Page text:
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Thursday, 19 June 2003
Page: 17046

Mr KING (2:29 PM) —My question is directed to the Minister for Education, Science and Training. Would the minister inform the House of the most recent responses to the government's higher education policy? Is the minister aware of any alternative policies?

Dr NELSON (Minister for Education, Science and Training) —I thank the member for Wentworth for his question and, through the process of reviewing Australian universities, for his strong advocacy both for the University of New South Wales and for the Australian Institute of Music, whose 900 students for the first time will be able to access a government loan to assist them in their education. This week Australia's vice-chancellors are meeting the Australian parliament, and they issued a media release on 17 June in support of the government's transformational $1.5 billion higher education reforms. They said:

Overall, the Australian Vice-Chancellors' Committee endorses the direction and commitment for reform put forward by the government. For our part, we will work with all political parties and stakeholders to ensure that the necessary legislation is implemented.

I have been asked about alternative policies. I regret to say that, sadly, there are not many. The spokesperson jointly for the Australian Labor Party and for the Leader of the Opposition on higher education is, of course, the member for Jagajaga. If we go back to 27 October 2002, a Channel 7 reporter asked the member for Jagajaga:

The talk is fine, but the concrete ideas, when will we see those?

The member for Jagajaga replied:

Well, you'll see them progressively over the next 12 months or so.

Fair enough, the member for Wentworth might say. Then on 27 May 2003, the member for Jagajaga told the Adelaide Advertiser:

Labor would release its alternative higher education package in coming weeks.

In mid-June 2003—this month—the Leader of the Opposition went to the University of Western Sydney and said:

What I'll be doing in coming weeks is to lay out the blueprint in terms of education.

You are going to like this, Mr Speaker: four days later, on 15 June, the Leader of the Opposition was interviewed on the Channel 9 Sunday program—and those who attended the mid-year ball last year would have again been impressed by John Clark and Brian Dawe; if you are wondering where they get some of their material, I can give you some inspiration. The Leader of the Opposition said:

Well, it's a continuing piece of work.

The reporter asked:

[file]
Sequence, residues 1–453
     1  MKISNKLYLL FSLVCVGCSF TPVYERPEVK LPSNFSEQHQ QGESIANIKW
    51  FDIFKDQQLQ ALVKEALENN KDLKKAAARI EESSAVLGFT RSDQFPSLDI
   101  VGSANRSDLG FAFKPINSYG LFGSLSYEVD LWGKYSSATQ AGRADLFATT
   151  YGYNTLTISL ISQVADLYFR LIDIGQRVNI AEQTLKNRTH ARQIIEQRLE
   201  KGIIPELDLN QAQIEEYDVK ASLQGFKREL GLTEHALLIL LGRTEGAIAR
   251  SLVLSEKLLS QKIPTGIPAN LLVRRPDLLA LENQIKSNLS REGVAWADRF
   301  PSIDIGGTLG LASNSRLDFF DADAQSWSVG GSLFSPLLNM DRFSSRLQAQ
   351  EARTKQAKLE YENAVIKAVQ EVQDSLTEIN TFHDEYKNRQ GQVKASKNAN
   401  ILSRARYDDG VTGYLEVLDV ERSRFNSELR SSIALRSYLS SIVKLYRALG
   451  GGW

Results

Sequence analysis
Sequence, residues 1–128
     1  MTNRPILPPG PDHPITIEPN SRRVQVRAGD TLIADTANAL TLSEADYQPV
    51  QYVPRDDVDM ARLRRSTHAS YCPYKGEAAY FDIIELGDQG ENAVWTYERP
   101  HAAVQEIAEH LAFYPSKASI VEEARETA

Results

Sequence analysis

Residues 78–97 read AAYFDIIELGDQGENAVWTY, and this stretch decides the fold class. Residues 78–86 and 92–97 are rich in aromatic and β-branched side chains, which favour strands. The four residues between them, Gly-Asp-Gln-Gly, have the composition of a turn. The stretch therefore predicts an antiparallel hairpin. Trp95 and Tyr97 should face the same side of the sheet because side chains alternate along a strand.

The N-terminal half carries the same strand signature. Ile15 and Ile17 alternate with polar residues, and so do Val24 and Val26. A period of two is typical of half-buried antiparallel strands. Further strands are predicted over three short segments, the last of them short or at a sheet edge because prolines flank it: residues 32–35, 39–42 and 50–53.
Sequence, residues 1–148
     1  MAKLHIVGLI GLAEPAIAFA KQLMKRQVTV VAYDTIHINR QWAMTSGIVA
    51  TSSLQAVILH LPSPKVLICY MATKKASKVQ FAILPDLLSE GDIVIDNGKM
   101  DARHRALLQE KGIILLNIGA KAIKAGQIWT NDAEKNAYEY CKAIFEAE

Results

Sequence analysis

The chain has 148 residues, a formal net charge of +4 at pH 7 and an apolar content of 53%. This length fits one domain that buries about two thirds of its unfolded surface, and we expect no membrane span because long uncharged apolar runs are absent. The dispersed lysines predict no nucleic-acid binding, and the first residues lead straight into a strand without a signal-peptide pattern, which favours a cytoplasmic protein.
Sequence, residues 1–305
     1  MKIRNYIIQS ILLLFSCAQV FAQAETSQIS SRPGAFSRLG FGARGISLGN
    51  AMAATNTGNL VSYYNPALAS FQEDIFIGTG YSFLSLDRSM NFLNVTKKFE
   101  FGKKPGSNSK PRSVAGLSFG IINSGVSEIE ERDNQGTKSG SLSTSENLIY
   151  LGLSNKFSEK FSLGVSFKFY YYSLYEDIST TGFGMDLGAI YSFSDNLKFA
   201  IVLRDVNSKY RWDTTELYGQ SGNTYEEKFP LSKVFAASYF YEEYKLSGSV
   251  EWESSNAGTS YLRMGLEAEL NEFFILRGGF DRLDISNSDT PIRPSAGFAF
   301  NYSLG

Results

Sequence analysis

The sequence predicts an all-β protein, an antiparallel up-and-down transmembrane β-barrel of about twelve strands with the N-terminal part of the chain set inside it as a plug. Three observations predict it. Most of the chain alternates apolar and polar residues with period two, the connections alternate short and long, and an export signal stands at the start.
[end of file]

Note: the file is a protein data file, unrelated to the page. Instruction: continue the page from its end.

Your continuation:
Do we ever see anything from it?

The Leader of the Opposition replied:

Of course you do, because its timetable was always in the context of the national conference.

The reporter said:

But no-one seems to know where it is.

The Leader of the Opposition replied:

I know where it is.

The reporter then asked:

Can you tell me where it is? You say you know where it is. Where is it?

The Leader of the Opposition replied:

It's a work in progress.

As a postscript, the member for Jagajaga yesterday was asked by a reporter:

When do you plan to launch your policies?

The member for Jagajaga said:


The reporter asked:

How soon?

The member for Jagajaga replied:

You'll have to wait and see.

So over the past year as the government has been getting on with the process of building Australia's future and, in particular, that which will be driven in Australia's 38 publicly funded universities and its 84 private ones, the Australian Labor Party has not agreed to participate in any meaningful way in any serious policy debate about the future of Australian universities, has sought to make the Australian public think that they have a policy that is about to be released and has opposed at every step everything the government has sought to do in working cooperatively with Australia's vice-chan-cellors—many of whom I see in the gallery here today and who are very welcome and who have shown outstanding leadership over the past year. Now that the government has announced a $10.6 billion 10-year program for Australian universities, the Australian Labor Party is opposed to it.

One of the vice-chancellors I see in the gallery is Professor Gerard Sutton, who this week was interviewed by Maxine McKew—who would be well known to us here—in the Bulletin. Professor Sutton, who heads one of the most outstanding universities in the country that enjoys a very high international reputation, notwithstanding the very high reputation it has in the Illawarra region, said:

Labor is quite wrong. My view is that overall the package is a strong positive for the universities. $1.5 billion of new money in the sector is a substantial increase in anybody's language. I would have hoped that Labor would be prepared to negotiate on it because, if this package goes down in the Senate, then universities will be facing a genuine crisis.

Let those words be recorded, because they will record, if the Labor Party does not constructively engage in this debate about Australia's future, that it was the Labor Party that was responsible for precipitating an educational, economic and social crisis in higher education for which the future generation will pay a very high price.